The major problem with fusion is generating and containing the conditions required for the reaction. As detailed above, a tokamak is used, this has some problems. The plasma still touches the bottom of the chamber, and where it does this; hydrogen reacts with the walls forming hydrocarbon radicals. These can form a film, which flakes away into the plasma, affecting performance21. Possible solutions include removing the film with lasers22 or using tungsten walls, which would not erode23.
A probable source of a solution is the International Tokamak Experimental Researcher, currently being built in France. It will be used as a prototype to test the reaction on the necessary levels required. Fusion should be available to produce commercial power by 2040.
Used throughout the report:
* Chemistry Review: Lise Meitner: Radiochemist, physicist and co-discoverer of nuclear fission, Gordon Woods, Volume 16 Number 1, September 2006 (Article 1); Fusion, Powering the future?, Chris Warrick, Volume 16 Number 1, September 2006; and Lithium, Chris Ennis, Volume 15 Number 31, February 2006 (Article 2)
* Salters Advanced Chemistry Chemical Ideas, George Burton et al, Heinemann Educational Publishers, Halley Court, Jordan Hill, Oxford, OX2 8EJ, ISBN 0-435-63129-9, first edition 1994, second edition 2000
1 Equation copied from page 3, Lise Meitner: Radiochemist, physicist and co-discoverer of nuclear fission; see above
2 Fig. 1 copied manually from Page 487, The exchange nature of forces, Advanced Physics, Tom Duncan, John Murray (Publishers) Ltd, 50 Albemarle Street, London, W1S 4BD, first edition 1972, ISBN 0-7195-7669-5, fifth edition 2000, reprinted 2002
3http://www.chemie.de/lexikon/e/Beta_decay, Beta Decay, (c) 1997-2008 Chemie.de Information Service
4 Equation copied from page 3, Lise Meitner: Radiochemist, physicist and co-discoverer of nuclear fission; see above
5 Table adapted from Page 20, Nuclear Reactions, Salters Advanced Chemistry Chemical Ideas; see above
6Where did the chemical elements come from?, Page 131, The Universe: A Biography, John Gribbin; published by Penguin Books Ltd, 80 Strand, London, WC2R ORL, ISBN 978-0-1410-2147-8, 2006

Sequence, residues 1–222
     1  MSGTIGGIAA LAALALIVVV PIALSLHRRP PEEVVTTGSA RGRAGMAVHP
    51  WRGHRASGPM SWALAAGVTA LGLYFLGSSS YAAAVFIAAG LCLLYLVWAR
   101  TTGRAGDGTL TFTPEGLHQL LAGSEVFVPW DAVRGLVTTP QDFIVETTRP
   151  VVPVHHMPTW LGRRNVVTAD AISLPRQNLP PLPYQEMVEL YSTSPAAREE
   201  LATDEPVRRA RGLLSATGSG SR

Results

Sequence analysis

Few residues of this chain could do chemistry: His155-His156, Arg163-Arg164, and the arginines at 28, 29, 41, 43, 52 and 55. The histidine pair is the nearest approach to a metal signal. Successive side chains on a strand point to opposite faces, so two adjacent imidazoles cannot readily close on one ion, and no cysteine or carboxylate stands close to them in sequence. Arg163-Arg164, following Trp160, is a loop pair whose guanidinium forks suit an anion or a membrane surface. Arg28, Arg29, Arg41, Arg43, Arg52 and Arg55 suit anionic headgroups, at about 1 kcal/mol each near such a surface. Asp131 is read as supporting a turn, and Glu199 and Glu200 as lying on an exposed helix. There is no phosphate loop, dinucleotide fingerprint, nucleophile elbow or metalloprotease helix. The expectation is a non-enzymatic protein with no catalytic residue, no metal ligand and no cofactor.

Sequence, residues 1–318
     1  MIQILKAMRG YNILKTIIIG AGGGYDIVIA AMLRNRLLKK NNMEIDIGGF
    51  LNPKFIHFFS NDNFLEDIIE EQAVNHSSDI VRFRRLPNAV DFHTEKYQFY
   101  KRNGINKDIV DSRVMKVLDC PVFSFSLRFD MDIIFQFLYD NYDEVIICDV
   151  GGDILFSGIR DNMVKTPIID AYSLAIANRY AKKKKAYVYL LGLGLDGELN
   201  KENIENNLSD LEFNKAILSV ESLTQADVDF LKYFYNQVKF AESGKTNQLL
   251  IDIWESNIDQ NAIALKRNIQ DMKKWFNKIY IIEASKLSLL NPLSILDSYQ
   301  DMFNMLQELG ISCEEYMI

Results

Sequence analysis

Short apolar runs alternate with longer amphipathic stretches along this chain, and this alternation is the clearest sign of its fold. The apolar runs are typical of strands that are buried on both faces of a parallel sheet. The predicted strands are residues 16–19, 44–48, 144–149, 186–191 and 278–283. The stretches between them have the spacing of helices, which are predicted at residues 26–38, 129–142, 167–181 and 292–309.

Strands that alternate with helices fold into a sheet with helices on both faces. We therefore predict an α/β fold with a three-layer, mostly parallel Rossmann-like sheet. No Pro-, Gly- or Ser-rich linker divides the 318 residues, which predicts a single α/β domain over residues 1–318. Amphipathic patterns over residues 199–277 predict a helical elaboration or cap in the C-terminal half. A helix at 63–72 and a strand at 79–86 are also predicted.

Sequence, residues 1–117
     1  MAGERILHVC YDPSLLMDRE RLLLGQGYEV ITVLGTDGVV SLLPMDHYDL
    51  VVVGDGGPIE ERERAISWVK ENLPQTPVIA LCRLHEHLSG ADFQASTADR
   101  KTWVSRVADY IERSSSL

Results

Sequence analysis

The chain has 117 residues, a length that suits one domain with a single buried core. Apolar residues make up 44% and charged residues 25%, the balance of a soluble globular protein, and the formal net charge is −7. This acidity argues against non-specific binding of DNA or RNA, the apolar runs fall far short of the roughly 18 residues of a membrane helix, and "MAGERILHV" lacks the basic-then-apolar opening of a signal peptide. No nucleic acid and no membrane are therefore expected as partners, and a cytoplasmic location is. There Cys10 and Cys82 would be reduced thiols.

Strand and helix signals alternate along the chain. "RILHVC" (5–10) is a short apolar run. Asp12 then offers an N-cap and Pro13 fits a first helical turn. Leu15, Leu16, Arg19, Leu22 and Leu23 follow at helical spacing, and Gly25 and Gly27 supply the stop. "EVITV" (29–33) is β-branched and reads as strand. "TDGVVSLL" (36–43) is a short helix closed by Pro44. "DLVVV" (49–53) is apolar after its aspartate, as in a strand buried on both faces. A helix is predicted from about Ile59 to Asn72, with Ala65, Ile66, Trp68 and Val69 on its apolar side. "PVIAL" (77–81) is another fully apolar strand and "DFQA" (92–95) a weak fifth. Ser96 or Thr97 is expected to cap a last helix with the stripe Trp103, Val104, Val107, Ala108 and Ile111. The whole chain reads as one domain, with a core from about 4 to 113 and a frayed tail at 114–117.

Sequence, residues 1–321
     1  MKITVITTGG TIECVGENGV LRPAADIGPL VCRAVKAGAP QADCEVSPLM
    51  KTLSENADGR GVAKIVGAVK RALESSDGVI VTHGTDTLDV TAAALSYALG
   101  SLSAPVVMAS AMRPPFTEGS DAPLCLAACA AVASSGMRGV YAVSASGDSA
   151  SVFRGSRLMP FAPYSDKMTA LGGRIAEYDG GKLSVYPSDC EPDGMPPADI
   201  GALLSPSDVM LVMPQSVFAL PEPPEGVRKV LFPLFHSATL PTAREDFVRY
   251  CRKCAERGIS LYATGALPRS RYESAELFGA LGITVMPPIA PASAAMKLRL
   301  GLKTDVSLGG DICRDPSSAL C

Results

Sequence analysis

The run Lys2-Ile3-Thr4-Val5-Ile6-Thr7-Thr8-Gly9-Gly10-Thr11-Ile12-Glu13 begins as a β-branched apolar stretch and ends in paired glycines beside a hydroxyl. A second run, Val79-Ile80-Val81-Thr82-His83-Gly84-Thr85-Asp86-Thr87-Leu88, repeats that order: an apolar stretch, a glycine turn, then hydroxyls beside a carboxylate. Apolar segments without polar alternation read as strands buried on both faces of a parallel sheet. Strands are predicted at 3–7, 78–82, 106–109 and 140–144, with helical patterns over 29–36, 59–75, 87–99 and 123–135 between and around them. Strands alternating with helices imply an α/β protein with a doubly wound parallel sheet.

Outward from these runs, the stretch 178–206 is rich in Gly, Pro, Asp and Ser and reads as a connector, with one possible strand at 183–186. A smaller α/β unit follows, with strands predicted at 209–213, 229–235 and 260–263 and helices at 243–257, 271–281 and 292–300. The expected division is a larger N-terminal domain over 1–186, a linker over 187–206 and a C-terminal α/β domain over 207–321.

7Equation copied from Box 1: Nucleogenesis, Page 21, Lithium, Chris Ennis; see above
8Equation copied from Box 1: Nucleogenesis, Page 21, Lithium, Chris Ennis; see above
9 http://www.britannica.com/nobelprize/article-48278, electron capture with a Beryllium-7 nucleus, from the Encyclopaedia Britannica’s Guide to the Nobel Prizes, (c) 2008 Encyclopaedia Britannica, Inc.
10 Where do the chemical elements come from?, Page 10, Salters Advanced Chemistry Chemical Storylines, George Burton et al, Heinemann Educational Publishers, Halley Court, Jordan Hill, Oxford, OX2 8EJ, ISBN 0-435-63119-5 first edition 1994, second edition 2000
11 Fig. 2 taken from http://www.astro.bas.bg/~petrov/herter00.html, lecture notes for astronomy, Bulgarian Institute of Astronomy http://www.astro.bas.bg/
12 http://www.lancs.ac.uk/ug/bloomer/nuclearpower/theory.htm, Nuclear Fission and Nuclear Fusion, from the University of Lancaster, www.lancs.ac.uk
13 Fig. 3 copied manually from Box 2, Article 1 (see above); adapted from Chemistry Today, (c) E. Henderson, Macmillan Publishers Ltd, 1977.
14 Equation copied from Box 2, Fusion, powering the future?, Chris Warrick; see above
15 Mass of reactants and products given in proton masses in Box 2, Fusion, powering the future?, Chris Warrick; see above
16 Proton masses converted to kilograms using the mass of one proton as 1.67×10-27 kg, from Data Sheet, Page 3, AQA GCE AS Physics A Unit 1, January 2007
17 Fig. 4 taken from http://www.jet.efda.org/pages/fusion-basics/fusion3.html, Fusion Basics, (c) EFDA-JET
18 http://www.virtualnucleartourist.com/basics/reasons1.htm, a website “intended to provide you basic information about the different types of plants and their principle of operation”, (c) 2006 The Virtual Nuclear Tourist
19 http://www.abc.net.au/rn/scienceshow/stories/2007/2080110.htm, an interview with Professor Martin Sevior from the University of Melbourne by the Australian Broadcasting Corporation
20 http://www.who.int/ionizing_radiation/chernobyl/who_chernobyl_report_2006.pdf, the World Health Organisation’s report on Chernobyl
21 Chemistry Review: Fusion, powering the future?, Chris Warrick; see above
22 http://www.lasers.org.uk/paperstore/Cleaning14.pdf, Dust Removal from Next Generation Tokamaks by Laser and Flashlamp Cleaning, K. G. Watkins et al, Lasers and Laser Engineering, University of Liverpool, 2001
23 http://www.jet.efda.org/documents/articles/samm.pdf, Controlled thermonuclear fusion enters with ITER into a new era, Page 12; Ulrich Samm, EFDA-JET, 2003